Computer Architecture

In a nutshell: Let's recap the last four modules: we've built some elementary logic gates (module 1), and then used them to build an ALU (module 2) and a RAM (module 3). We then played with low-level programming (module 4), assuming that the overall computer is actually available. In this module we assemble all these building blocks into a general-purpose 16-bit computer called Hack. We will start by building the Hack Central Processing Unit (CPU), and we will then integrate the CPU with the RAM, creating a full-blown computer system capable of executing programs written in the Hack machine language.

Key concepts: Von Neumann and Harvard architectures, the stored program concept, fetch-execute cycle, data bus, instruction bus, CPU, computer design.

Unit 5.1: Von Neumann Architecture

  • The ALU loads information from the Data bus and manipulates it using the Control bits.

  • Both Data and Addresses are stored in the registers.

Unit 5.2: The Fetch-Execute Cycle


  • Put the location of the next instruction into the "address" of the program memory

  • Get the instruction code itself by reading the memory contents at that location


  • The instruction code specifies "what to do"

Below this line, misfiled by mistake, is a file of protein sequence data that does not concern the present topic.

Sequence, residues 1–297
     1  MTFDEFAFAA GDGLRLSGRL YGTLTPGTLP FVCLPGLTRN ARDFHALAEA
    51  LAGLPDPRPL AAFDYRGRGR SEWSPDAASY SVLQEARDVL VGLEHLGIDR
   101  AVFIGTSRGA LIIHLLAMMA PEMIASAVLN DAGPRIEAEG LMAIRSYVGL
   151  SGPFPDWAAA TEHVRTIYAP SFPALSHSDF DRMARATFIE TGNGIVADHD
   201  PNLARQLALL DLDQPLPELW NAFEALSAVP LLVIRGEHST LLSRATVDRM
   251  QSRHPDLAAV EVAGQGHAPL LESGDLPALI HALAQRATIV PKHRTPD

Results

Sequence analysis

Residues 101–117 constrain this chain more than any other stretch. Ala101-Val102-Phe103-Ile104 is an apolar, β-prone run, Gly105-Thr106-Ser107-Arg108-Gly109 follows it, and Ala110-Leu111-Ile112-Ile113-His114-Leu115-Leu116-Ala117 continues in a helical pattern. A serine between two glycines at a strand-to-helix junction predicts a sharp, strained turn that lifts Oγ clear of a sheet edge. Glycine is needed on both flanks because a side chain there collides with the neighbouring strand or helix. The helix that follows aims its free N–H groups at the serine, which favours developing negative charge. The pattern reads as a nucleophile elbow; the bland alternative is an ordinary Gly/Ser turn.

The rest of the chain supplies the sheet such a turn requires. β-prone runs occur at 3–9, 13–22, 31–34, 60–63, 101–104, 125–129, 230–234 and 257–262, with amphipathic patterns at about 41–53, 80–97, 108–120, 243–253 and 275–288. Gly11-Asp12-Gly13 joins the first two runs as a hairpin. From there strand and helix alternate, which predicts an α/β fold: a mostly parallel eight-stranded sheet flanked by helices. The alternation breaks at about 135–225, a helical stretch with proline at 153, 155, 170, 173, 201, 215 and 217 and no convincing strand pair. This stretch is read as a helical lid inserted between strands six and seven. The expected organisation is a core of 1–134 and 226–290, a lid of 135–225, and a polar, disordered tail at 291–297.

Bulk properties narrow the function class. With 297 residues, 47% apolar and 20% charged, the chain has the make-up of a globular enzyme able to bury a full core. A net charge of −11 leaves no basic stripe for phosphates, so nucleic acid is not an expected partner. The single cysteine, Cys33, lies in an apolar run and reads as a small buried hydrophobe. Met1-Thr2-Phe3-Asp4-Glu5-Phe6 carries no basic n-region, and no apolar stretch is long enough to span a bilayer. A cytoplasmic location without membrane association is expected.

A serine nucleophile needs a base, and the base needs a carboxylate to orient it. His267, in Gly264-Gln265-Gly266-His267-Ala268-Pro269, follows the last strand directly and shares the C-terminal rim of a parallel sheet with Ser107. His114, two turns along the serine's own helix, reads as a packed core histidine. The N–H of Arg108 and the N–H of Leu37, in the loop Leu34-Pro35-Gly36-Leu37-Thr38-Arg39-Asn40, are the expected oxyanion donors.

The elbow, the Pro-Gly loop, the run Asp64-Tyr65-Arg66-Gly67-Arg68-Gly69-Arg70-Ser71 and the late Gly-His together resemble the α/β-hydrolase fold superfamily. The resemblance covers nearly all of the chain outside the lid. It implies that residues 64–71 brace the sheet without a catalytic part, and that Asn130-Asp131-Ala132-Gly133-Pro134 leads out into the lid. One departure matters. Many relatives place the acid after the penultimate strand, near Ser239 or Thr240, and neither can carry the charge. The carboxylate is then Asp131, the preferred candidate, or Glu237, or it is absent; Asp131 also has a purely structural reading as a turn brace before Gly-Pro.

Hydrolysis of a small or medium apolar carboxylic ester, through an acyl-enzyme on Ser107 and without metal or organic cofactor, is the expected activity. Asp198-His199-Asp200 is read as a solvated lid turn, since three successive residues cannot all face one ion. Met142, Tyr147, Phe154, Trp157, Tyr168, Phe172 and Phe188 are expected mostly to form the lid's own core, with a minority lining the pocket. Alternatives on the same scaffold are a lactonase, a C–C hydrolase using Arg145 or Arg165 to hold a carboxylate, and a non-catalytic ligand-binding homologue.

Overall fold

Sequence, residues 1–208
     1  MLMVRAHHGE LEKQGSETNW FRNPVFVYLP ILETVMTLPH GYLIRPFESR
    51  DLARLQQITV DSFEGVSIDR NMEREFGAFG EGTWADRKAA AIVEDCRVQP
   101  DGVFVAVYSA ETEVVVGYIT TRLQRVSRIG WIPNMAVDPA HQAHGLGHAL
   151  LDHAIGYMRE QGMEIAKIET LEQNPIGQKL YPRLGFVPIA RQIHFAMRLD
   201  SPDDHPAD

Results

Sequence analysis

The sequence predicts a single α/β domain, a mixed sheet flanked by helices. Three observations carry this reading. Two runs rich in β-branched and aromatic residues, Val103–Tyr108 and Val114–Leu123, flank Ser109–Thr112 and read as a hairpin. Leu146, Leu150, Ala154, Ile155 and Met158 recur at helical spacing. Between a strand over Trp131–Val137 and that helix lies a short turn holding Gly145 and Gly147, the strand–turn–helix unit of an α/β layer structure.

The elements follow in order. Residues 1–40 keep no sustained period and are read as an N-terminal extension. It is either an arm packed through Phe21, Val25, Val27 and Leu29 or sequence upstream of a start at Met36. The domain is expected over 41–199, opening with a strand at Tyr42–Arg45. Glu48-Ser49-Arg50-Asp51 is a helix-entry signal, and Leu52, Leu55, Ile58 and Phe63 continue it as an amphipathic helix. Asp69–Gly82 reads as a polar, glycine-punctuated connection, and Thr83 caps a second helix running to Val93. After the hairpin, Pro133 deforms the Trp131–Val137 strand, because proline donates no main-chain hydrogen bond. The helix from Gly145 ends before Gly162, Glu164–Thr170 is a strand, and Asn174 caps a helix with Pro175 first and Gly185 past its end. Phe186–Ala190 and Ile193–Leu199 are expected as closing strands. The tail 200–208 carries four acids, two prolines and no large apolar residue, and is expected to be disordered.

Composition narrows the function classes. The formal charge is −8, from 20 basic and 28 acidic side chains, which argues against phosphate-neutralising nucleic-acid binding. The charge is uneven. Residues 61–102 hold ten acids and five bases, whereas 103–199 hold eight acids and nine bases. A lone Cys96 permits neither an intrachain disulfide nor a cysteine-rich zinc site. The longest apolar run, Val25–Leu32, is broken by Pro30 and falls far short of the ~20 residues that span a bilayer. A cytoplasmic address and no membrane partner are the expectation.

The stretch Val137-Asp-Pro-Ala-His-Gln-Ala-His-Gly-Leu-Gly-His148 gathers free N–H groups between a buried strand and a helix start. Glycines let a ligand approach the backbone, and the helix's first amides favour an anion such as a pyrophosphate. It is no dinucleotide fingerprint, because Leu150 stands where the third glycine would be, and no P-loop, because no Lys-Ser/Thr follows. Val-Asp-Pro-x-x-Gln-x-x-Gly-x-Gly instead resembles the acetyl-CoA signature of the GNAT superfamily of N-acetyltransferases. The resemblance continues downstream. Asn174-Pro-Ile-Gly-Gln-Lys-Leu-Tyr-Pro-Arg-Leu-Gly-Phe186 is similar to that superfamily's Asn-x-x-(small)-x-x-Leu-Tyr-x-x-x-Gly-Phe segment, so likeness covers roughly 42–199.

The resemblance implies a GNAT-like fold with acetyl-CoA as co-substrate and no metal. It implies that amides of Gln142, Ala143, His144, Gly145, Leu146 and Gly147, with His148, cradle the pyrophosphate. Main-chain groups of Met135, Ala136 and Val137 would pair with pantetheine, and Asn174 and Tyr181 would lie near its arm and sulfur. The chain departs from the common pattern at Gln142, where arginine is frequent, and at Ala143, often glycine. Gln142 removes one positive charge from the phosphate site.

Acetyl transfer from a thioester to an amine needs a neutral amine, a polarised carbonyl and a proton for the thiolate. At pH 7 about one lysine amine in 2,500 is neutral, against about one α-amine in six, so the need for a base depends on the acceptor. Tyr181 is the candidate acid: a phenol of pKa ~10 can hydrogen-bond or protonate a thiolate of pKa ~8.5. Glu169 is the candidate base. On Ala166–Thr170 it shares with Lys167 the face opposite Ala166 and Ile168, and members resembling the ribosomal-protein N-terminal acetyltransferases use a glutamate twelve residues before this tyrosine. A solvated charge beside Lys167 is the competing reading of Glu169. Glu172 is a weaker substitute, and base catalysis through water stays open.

• Which arithmetic or logical instruction

    • What memory to access (read/write)

    • if/where to jump

    • ...

  • Often, different subsets of the bits control different aspects of the operation

  • Executing the operation involves also accessing registers and/or data memory

The fetch part of the cycle reads from the program memory, and the execute part reads from data memory.

Simpler Solution: Harvard Architecture

  • Variant of von Neumann

  • Keeps Program and Data in two separate memory modules

  • Complication avoided

Unit 5.3: Central Processing Unit

  • The Hack CPU Abstraction

    • a 16-bit processor designed to:

      • Execute the current instruction

      • Figure out which instruction to execute next (written in the Hack language)

Unit 5.4: The Hack Computer

  • Abstraction: A computer capable of running programs written in the Hack machine language.

  • RAM: 16-bit / 16K RAM chip

  • Screen: 16-bit / 8K memory chip with a raster display side-effect

  • Keyboard: 16-bit register with a keyboard side-effect

    • probe memory register 24576

  • Hardware implementation: plug-and-play ROM chips

  • Hardware simulation: programs are stored in text files; program loading is emulated by the built-in ROM chip

Unit 5.5: Project 5 Overview

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